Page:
This afternoon I trekked to my neighborhood’s GINORMOUS garden center with a very specific mission in mind:to take pictures of butterflies. I didn’t care about the type nor the color of butterfly, I just needed one of them to hold still long enough to take a few pictures.
Turns out they are sadistic little suckers who have attention spans of preschoolers. I spent a better part of a hour, dodging mud puddles, chasing them around, as they haphazardly flitted from flower to flower.
“Psssssst….” An amused onlooker finally hissed at me through a sea of orange and yellow flowers. “There is a butterfly right here.”
Mission accomplished. A beautiful yellow butterfly was tucked amongst the flowers. And unlike his flappy-winged counterparts, he allowed me to take as many pictures of him as I wanted.
Now, I am sure you are thinking that chasing butterflies around a garden center with a camera is a little crazy-OKAY-a lot crazy. But these weren’t just ordinary butterfly pictures, these were butterfly pictures for Maddie.
Maddie Shura was diagnosed with a Diffused Intrinsic Pontine Glioma (DIPG) a few weeks after we lost Abby. I haphazardly came across her story while researching a blog entry and decided to reach out to the Shuras in hope that I could help navigate through DIPG research. After a few months of communicating via texts, emails, and phone calls, we were able to meet in person. It was then that I learned that Maddie not only had some solid dance movies but liked my butterfly and dragonfly photos.
Over these last few months, it has become evident that navigating through DIPG research is similar to chasing the butterflies that Maddie likes: a lot of weaving without any definitive path.
DIPG has the poorest prognosis of all pediatric brain cancers. To paint a clearer picture, Neil Armstrong’s daughter, Karen, died of DIPG in 1962 and the treatment options haven’t evolved.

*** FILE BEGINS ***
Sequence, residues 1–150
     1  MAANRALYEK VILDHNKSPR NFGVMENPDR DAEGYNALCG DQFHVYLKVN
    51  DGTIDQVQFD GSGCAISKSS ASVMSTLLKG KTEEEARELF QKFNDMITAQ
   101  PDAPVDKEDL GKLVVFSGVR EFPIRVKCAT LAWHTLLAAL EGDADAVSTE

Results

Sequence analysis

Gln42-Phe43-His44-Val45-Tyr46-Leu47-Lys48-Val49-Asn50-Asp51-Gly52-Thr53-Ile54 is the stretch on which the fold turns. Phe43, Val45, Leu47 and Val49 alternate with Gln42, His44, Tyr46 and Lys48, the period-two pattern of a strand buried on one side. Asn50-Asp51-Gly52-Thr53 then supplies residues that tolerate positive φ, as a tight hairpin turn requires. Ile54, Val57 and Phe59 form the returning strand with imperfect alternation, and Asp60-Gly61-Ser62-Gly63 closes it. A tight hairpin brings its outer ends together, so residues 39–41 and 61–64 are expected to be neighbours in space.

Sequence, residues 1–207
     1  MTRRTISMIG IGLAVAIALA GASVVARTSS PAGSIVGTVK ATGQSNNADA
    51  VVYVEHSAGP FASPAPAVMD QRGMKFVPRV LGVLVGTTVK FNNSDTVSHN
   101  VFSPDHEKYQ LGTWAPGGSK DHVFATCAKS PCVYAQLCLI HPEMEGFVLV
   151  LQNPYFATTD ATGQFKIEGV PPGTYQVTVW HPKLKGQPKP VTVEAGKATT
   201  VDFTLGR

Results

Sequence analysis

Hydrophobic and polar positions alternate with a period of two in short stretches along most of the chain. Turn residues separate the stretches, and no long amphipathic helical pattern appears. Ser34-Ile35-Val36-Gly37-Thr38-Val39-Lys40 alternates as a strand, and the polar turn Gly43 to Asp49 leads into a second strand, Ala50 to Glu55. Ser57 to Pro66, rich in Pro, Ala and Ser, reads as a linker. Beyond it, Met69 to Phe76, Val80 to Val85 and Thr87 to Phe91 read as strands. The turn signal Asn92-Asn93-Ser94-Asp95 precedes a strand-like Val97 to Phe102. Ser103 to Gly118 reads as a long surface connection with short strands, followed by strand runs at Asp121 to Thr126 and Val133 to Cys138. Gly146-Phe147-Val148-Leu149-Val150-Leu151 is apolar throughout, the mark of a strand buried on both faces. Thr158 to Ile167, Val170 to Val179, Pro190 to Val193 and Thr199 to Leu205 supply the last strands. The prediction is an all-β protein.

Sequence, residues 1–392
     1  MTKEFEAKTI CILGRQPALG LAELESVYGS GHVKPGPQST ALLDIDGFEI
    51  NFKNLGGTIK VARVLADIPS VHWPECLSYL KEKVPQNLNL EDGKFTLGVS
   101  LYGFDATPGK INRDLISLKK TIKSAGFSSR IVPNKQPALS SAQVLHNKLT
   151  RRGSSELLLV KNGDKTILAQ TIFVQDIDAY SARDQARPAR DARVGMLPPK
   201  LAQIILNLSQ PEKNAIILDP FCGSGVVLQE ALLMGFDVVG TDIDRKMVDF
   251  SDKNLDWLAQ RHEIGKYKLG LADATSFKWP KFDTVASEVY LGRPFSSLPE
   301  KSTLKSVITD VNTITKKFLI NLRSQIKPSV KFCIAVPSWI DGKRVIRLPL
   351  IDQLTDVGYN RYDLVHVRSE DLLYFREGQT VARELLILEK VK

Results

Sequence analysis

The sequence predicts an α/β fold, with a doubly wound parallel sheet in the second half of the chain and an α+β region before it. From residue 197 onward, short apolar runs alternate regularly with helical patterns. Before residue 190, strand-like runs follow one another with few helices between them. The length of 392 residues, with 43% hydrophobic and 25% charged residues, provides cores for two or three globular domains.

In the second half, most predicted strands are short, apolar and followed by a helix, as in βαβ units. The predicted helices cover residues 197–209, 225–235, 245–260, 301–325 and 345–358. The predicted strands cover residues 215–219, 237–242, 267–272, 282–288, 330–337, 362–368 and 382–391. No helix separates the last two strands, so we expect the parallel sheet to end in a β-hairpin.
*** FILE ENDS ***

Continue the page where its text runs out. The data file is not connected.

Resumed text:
I candidly asked Maddie’s parents, Jason and Kelly, the three things that they would like to see happen in regards to DIPG. This is what they said:
- MORE FUNDING. Pediatric cancer, as a whole, only receives 4% of federal funding. And the money that does going into pediatric cancer often bypasses DIPG research. Canada, for example, generously donated $11.7 MM to the U.S. for pediatric cancer and specifically excluded DIPG and GBM (another type of brain tumor).
- BIOPSIES. Encourage parents to seek biopsies at diagnosis. If doctors have some sort of pathology for the tumor then it will not only advance science’s understanding of the tumor but help identify certain drugs that can combat DIPG. Some doctors refuse to do biopsies on DIPG so it’s highly encouraged that parents find a very experienced doctor that will. And they are out there!!!!!
- EXPEDITING DRUGS. Panobinistat was identified as the most promising drug over a year ago, yet it is impossible to get in the United States outside of one progression trial. Why not have two subsets in the trial (a trial for tumor progression and a trial for a tumor that hasn’t progressed). Why does a pediatric cancer that has a 0% survival rate after five years, have to wait for a promising drug.
Interestingly enough, The Cure Starts Now, a DIPG focused foundation, argues that curing DIPG could lead to cures for all cancers. Although this sounds a little far-fetched, two prominent DIPG experts don’t think so.
Dr. Mark Kieran of Dana Farber/Boston’s Children’s Cancer and Blood Disorders, said, “If you could cure the most malignant of all cancers in children, that would be a significant step forward. Cancer is a complex disease, and there isn’t going to be one cure. But the insights from finding an effective therapy for DIPG will have broad potential implications.”
Dr. Javad Nazarian, a brain cancer specialist at Children’s National Health System in Washington D.C., concurred. “Effective treatment of children with DIPG is a challenge — we have failed despite 45 years of clinical research. If we find effective ways to treat these children, we will have solved one of the most challenging and lethal cancers. Those findings could apply to other difficult cancers and could have a large impact on the field.”
I want to leave this entry with a final thought. Maddie is 7. She deserves the opportunity to do the things that we adults have been able to do in our lives. Like?
Become a cheerleader
Get a driver’s license.
Go to a prom.
Have a first boyfriend.
Go to college
Get her first job out of college
Have children of her own